“I do not like this hiding behind the people. If you are a leader, then be one or leave.

“The Church are pained when the people are not unified and when they – like the sheep in the story – do not follow the road but walk through the scrub. It is not necessary that we are all for the same option or share the same politics; it is good to have some differences. However, we should all gather in unity around what represents the essence. Our officials should not let their privileges make them forget why they have been appointed to their offices. They should always remember the words of St. Petar Zimonjic, who was told in 1941 not to go to Sarajevo because there the Gestapo and the Ustashe [Croatian Nazi-Fascists] awaited him. Should I not share in the evil that has befallen the people with whom I shared everything good? he asked and soon after was killed.”

Bishop Grigorije comments on the present relations between the state and the Church as follows:

“For twenty years I have lived intensively in the Church and I still have not seen a lot of clerics lingering in government and state offices; on the contrary, these people are coming to us. Unfortunately, they generally come only when they need the Church as a means of accomplishing something. Recently a man from Mr. Ashdown’s office said to me: You meet so many people; you must have political influence! Many people do not understand that those of us in the Church would be happiest if we could do our job: to serve liturgies, baptize children and marry couples, to sing church hymns instead of worrying about Kosovo, refugees and the state anthem. The Church should not have to think about whether we will become part of a coalition with the UN, NATO or Partnership for Peace; the Church should preach the Gospel and offer the faithful consolation and hope.

“It is extremely important that everyone does their job conscientiously, and of course there are irresponsible people everywhere. For example, for the past two years I have been watching the work being done on this road next to the Patriarchate; it’s only about 50 meters long but they can’t seem to finish it. In my eyes the authority of the state is being undermined here and my heart grows even heavier when just a few meters further I see the painful column of people waiting in front of the Austrian Embassy to get their visas. But if we say anything to the government, when we propose or reprimand, they immediately become angry just as Milosevic in his time used to become angry. For me that is a sign that they are really guilty and that they are not good because the Most Wise Solomon says: Unmask the good and he will improve, unmask the bad and he will become angry.


“Unfortunately, many people in the government do not have the most rudimentary knowledge of the church; they are bothered by the very word church. On the other hand, priests and bishops have still not managed to completely overcome the feeling of rejection they gained during the time of Communism when they survived various forms of torture, incarceration, punishment and murder. Even though the state today is different than the one before, they still have a sort of resistance. The pressure was so great in the past that even today there are bishops who consider it a small miracle when a minister wants to talk with them. In a normal society this is a normal thing. In resolving problems in the relations between Church and state, both sides should sincerely and quickly become more open and talk if we want to have some progress.”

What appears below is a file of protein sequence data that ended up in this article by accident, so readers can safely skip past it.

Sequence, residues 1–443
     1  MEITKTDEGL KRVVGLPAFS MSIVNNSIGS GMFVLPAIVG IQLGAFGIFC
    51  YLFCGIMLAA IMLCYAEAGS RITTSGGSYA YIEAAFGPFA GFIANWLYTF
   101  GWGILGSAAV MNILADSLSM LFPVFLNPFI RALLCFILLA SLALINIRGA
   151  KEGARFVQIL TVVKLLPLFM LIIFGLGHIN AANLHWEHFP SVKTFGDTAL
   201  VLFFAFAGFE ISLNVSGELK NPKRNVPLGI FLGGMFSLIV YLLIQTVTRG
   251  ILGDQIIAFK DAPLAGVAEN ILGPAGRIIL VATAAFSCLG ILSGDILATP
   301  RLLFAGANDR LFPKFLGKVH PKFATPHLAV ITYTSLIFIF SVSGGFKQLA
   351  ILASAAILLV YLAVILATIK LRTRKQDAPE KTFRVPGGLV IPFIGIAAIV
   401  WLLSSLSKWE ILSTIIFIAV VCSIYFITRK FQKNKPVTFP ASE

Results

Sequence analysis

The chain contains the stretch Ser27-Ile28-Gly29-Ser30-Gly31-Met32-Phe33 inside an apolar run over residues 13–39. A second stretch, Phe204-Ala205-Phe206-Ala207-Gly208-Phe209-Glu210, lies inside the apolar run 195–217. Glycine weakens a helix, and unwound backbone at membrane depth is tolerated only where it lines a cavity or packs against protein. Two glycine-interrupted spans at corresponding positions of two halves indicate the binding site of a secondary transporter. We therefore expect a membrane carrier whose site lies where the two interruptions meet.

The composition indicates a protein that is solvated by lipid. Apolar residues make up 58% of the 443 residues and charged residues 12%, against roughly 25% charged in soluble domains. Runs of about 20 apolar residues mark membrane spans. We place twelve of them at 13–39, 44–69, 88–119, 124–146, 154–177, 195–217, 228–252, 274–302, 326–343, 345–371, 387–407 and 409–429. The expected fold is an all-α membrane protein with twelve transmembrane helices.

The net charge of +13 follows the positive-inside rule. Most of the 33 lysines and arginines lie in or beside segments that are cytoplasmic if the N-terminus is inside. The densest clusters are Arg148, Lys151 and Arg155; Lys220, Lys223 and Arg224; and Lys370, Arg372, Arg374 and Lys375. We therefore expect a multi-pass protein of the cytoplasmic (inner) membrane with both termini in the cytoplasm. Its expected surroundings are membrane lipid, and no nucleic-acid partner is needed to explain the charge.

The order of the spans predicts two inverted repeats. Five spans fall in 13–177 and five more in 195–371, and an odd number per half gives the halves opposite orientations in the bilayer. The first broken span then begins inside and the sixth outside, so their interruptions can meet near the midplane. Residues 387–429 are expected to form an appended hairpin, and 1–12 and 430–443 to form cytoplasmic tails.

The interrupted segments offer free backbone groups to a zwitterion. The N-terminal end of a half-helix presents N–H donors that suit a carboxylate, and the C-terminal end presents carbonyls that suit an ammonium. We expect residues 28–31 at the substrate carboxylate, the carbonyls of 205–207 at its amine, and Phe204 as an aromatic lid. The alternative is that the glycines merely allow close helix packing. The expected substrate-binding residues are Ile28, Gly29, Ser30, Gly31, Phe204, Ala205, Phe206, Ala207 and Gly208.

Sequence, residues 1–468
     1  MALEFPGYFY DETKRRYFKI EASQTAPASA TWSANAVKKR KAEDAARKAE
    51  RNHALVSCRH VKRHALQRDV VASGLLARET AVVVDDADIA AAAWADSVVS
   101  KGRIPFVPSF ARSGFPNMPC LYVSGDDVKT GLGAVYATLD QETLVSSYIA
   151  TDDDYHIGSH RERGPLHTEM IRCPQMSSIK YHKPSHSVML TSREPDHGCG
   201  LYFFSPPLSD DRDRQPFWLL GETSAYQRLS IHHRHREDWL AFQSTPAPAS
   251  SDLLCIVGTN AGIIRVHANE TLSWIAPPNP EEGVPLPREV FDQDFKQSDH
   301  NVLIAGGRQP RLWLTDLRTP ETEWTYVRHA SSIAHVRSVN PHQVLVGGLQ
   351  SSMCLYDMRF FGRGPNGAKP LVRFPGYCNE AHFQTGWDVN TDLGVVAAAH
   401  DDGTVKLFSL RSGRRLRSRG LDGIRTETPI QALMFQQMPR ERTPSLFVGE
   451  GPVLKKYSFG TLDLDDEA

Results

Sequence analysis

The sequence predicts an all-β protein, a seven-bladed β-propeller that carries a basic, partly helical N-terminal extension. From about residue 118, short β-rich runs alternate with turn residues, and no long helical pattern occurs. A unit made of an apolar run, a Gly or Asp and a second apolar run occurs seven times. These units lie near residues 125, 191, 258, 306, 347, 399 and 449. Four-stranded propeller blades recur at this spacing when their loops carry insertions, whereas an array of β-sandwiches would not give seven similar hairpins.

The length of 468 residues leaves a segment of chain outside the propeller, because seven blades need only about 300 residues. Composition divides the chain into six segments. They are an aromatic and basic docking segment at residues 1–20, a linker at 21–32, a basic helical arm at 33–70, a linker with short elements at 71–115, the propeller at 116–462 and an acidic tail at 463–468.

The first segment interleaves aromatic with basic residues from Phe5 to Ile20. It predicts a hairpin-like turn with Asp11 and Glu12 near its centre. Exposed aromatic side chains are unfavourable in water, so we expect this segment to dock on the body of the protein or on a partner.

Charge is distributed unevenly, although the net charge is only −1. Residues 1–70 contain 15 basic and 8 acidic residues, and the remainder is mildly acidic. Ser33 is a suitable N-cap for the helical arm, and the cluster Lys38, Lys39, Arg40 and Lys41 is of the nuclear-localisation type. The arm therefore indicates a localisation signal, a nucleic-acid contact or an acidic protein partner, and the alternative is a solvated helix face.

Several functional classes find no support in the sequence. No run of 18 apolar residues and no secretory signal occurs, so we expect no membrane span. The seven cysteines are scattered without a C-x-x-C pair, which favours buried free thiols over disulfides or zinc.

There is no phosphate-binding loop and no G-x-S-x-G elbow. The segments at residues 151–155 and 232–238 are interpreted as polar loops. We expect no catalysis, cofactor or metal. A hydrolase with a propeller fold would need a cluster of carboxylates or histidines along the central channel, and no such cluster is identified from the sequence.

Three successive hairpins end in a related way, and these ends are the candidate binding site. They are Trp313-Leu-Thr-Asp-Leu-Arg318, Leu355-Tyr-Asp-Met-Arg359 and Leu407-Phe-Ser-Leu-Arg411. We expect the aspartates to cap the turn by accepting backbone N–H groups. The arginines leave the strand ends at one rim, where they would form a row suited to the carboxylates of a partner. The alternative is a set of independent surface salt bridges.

By Mirjana Radetic, September 5, 2004



On Sunday, September 5, 2004 His Grace Bishop Jovan (Mladenovic) of Sumadija visited Velika Krsna. The Bishop was welcomed by the hierarchal deputy of Mladenovac, Protopresbyter-Stavrophor Dragoljub Rakic, Presbyter Zivan Rakic, the parish priest, the clergy of the hierarchal deputy’s office of Mladenovac, regional representatives of the arts and public officials and the Orthodox faithful who gathered to celebrate the centennial of the church of the Nativity of the Most Holy Mother of God with their bishop.

Bishop Jovan with his priests and deacons consecrated the fountain before the churchyard, which was built by the local administration of the village. The Bishop then served Holy Hierarchal Liturgy in the churchyard with the concelebration of the priests of the Mladenovac deputy’s office.

In his sermon Bishop Jovan emphasized the importance of properly raising one’s children, which is the foundation of a good Orthodox family. He warned of the dangers of sects that destroy the family. At the end of the sermon the Bishop reminded those present of the zeal and religious spirit of their ancestors upon which we, too, should model ourselves.

For his dedicated work in the parish of Velika Krsna Bishop Jovan awarded parish priest Zivan Zujevic the right to wear a red belt. After Holy Liturgy His Grace also performed two baptisms.

[Serbian Translation Services]

Copyright © 1999-2004 by
The Information Service of the Serbian Orthodox Church
11000 Belgrade
Kralja Petra I no.5
+381 11 3282 596